From the US to the UK, as well as in other countries, police can usually be identified by their dark navy attire. But why do cops seem to all wear blue?
While the color choice does serve an actual purpose, it was primarily chosen because it was simply what was available at the time. Police blues originated in London with the London Metropolitan Police, which was considered to be the world’s first real police force. Upon its 1829 establishment, The Met’s officers were issued dark blue uniforms. Because the British military were already wearing red & white during that time, blue was chosen as a way to differentiate the police from the military.
When the first official police force in the US was established in 1845 in New York, blue uniforms like those of the London “bobbies” became the standard. Then, as other major cities began mustering their own police forces, they too adopted the blue-colored unis.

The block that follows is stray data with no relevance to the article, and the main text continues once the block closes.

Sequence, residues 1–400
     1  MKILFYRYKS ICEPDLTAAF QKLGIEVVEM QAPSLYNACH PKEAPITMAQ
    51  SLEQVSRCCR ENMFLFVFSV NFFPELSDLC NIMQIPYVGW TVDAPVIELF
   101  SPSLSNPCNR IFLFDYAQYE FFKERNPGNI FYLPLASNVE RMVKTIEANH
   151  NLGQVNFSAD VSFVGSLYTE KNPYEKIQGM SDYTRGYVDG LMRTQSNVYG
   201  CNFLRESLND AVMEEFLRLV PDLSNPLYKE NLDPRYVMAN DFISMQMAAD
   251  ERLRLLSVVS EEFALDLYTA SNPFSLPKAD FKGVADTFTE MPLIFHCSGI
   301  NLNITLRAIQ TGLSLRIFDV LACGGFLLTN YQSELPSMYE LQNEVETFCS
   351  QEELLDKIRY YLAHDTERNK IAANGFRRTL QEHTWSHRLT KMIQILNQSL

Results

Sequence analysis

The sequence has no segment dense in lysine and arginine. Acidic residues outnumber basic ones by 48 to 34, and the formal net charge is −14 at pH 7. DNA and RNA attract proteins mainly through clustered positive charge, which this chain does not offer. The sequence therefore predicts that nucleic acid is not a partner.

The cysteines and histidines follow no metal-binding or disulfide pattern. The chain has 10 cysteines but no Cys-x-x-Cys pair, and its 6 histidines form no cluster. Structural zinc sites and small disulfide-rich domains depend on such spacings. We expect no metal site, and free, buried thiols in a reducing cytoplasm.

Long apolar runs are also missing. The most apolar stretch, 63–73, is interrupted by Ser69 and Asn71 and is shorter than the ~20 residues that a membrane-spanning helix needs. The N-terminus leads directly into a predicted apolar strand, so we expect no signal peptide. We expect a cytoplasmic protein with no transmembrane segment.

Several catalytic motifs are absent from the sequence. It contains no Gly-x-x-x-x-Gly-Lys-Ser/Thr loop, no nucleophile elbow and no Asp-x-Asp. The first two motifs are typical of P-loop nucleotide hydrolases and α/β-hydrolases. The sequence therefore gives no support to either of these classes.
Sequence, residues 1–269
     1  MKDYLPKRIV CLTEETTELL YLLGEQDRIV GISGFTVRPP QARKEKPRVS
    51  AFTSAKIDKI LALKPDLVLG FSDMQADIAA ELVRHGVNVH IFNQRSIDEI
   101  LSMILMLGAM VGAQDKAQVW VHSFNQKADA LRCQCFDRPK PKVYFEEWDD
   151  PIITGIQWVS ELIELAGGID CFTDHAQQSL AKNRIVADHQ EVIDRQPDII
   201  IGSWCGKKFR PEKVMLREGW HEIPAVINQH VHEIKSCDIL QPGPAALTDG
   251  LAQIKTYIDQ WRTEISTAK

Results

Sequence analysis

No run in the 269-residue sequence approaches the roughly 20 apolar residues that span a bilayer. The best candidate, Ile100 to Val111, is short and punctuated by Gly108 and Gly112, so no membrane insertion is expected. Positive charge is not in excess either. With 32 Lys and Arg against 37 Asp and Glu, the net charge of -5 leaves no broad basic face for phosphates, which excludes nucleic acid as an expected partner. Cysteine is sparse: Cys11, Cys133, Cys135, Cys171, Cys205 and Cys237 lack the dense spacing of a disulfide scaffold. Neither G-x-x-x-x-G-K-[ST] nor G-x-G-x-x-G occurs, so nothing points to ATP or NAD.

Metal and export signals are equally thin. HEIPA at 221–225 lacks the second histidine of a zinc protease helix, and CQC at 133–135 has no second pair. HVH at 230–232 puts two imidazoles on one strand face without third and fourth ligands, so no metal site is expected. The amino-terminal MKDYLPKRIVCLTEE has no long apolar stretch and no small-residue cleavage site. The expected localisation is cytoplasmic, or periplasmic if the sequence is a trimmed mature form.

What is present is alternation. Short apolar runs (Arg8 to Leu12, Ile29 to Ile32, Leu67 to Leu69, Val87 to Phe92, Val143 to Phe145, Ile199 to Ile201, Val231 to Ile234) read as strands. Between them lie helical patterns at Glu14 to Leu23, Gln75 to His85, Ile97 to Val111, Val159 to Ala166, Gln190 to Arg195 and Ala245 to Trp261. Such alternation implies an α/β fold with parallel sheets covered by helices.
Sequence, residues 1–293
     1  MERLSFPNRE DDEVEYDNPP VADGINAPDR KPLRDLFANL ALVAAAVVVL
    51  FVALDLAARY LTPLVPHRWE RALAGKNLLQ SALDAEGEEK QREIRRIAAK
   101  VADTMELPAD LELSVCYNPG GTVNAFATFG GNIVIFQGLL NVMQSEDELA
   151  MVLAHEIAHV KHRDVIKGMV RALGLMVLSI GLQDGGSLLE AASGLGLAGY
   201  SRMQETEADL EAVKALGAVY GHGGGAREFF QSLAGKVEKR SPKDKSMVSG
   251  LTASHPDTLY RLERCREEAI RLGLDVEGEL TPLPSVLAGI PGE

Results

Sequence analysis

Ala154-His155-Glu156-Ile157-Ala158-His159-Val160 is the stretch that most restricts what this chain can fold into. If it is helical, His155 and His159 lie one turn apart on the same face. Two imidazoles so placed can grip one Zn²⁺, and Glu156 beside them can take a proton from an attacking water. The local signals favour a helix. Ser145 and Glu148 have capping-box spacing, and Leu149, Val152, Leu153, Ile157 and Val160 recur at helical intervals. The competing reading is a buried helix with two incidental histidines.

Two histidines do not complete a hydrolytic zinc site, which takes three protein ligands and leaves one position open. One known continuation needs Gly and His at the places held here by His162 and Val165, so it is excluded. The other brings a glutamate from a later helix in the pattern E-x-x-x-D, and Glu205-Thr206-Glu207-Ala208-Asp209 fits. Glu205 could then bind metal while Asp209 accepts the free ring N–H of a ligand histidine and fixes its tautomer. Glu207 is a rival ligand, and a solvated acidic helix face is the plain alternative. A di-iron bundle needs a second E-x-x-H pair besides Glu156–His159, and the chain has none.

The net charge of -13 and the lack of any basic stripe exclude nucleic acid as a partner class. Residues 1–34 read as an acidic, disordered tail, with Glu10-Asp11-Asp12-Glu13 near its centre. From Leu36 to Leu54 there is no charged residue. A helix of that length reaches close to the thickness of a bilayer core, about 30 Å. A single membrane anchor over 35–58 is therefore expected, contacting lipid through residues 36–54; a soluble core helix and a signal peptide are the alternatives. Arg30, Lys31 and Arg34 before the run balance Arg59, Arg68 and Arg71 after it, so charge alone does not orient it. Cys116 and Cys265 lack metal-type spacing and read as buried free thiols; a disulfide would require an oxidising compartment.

There have been some instances where American police ended up choosing blue for totally different reasons than they did in the UK. During the Civil War, the Union Army’s blue get-ups were easy to come by, so surplus uniforms would often go to police departments that didn’t have official uniforms yet (like the LAPD). Then, by the time the war was over, blue had become the established norm.
Today, police officers wear navy uniforms for practical reasons, like making them harder to spot at night when pursuing suspects. The dark blue garments also hide stains better than some other lighter shades might.
Sure, not all police uniforms are the same color. Some departments wear black, brown, or dark green. But usually, when we think of law enforcement, we think of “the boys (and girls) in blue”.
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